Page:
Anheuser-Busch InBev NV agreed to buy SABMiller Plc for almost £69 billion ($106 billion), raising its bid after several rejections to clinch a record industry deal that will bring one out of every three beers sold worldwide under a single company.
The Budweiser-maker will pay £44 a share in cash for a majority of the shares in its nearest competitor, the companies said in a recent statement, gaining brands such as Peroni and Grolsch and giving it control of about half the industry’s profit. SABMiller shares rose as much as 9.4 per cent to £39.62 in early London trading.
“We think that this is good value for SAB,” said Alicia Forry, an analyst at Canaccord Genuity. “It’s great that they’ve come to a point where the valuation is agreed, and we expect ABI in due course to make a firm offer.”
After years of speculation, the deal has been hastened by the impact of slowing economies in the emerging markets of China and Brazil. A 20-per-cent drop in SABMiller shares in the months preceding AB InBev’s approach and the prospect of an end to cheap credit also served as catalysts to a takeover. The agreement, which is tentative, caps more than two weeks of back-and-forth negotiations over the price. SABMiller said that its board is prepared to recommend the deal.
SABMiller shares traded at £39.51 at 8.13 a.m. in London. The offer price is 50 per cent above the closing value on 14 September, the day before takeover speculation resurfaced. AB InBev rose 3.7 per cent to €102 in Brussels.
The takeover would be the largest in UK history, surpassing this year’s £47-billion purchase of BG Group Plc by Royal Dutch Shell Plc.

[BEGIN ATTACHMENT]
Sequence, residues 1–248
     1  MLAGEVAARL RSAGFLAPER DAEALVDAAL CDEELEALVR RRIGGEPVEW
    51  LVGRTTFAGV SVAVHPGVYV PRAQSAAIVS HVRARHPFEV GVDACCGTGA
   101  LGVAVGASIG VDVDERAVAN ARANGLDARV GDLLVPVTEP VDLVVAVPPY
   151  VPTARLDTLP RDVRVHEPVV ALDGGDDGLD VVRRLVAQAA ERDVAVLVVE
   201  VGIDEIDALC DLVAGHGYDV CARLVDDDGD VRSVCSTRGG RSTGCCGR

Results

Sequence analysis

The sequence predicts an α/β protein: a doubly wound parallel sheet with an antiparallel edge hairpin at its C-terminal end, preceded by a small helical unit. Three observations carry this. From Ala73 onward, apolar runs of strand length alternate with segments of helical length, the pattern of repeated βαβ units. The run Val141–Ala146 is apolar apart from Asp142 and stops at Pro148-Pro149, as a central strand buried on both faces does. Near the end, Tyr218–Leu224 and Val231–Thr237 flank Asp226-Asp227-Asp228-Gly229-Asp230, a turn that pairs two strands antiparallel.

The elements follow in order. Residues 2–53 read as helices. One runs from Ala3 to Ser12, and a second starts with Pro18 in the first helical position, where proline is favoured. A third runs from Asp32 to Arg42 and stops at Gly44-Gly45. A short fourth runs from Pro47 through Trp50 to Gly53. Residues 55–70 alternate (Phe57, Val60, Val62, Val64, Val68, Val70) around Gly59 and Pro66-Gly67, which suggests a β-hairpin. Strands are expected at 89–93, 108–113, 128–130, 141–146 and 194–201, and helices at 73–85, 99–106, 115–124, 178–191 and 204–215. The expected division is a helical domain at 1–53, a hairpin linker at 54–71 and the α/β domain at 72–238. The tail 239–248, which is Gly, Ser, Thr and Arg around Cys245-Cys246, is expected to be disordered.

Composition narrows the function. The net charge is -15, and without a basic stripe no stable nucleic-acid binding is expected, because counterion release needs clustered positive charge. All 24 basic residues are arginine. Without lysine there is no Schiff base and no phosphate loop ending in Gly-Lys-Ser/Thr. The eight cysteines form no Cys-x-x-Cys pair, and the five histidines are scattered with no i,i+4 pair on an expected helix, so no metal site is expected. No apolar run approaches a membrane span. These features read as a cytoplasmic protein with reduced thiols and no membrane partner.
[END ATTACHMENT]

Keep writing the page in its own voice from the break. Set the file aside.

Under UK takeover rules, AB InBev has until 5 p.m. Wednesday to make a formal offer, but the companies have agreed to seek a two-week extension of that, to 5 p.m. London time on 28 October, giving them time to formalise the agreement. AB InBev agreed to pay a fee of $3 billion if it fails to get approval from regulators and shareholders for the purchase. The new company will be incorporated in Belgium.
SABMiller’s two largest shareholders, Altria Group, Inc. and Bevco Ltd, can receive cash and stock valued at £39.03 a share for their stakes, which account for 41 per cent of the company. They won’t be able to sell the shares for five years, and will have the right to nominate directors.
The UK brewer spurned previous proposals, including one that AB InBev made public on 7 October, which valued the company at about £65.2 billion.
Together, AB InBev and SABMiller will be the world’s largest consumer-staples company by earnings, according to Exane BNP Paribas analysts, who estimate that the combined company will make $25 billion before interest, tax, depreciation and amortisation in 2016. The enlarged brewer will have the number-one or -two positions in 24 of the world’s 30 biggest beer markets, they estimate.
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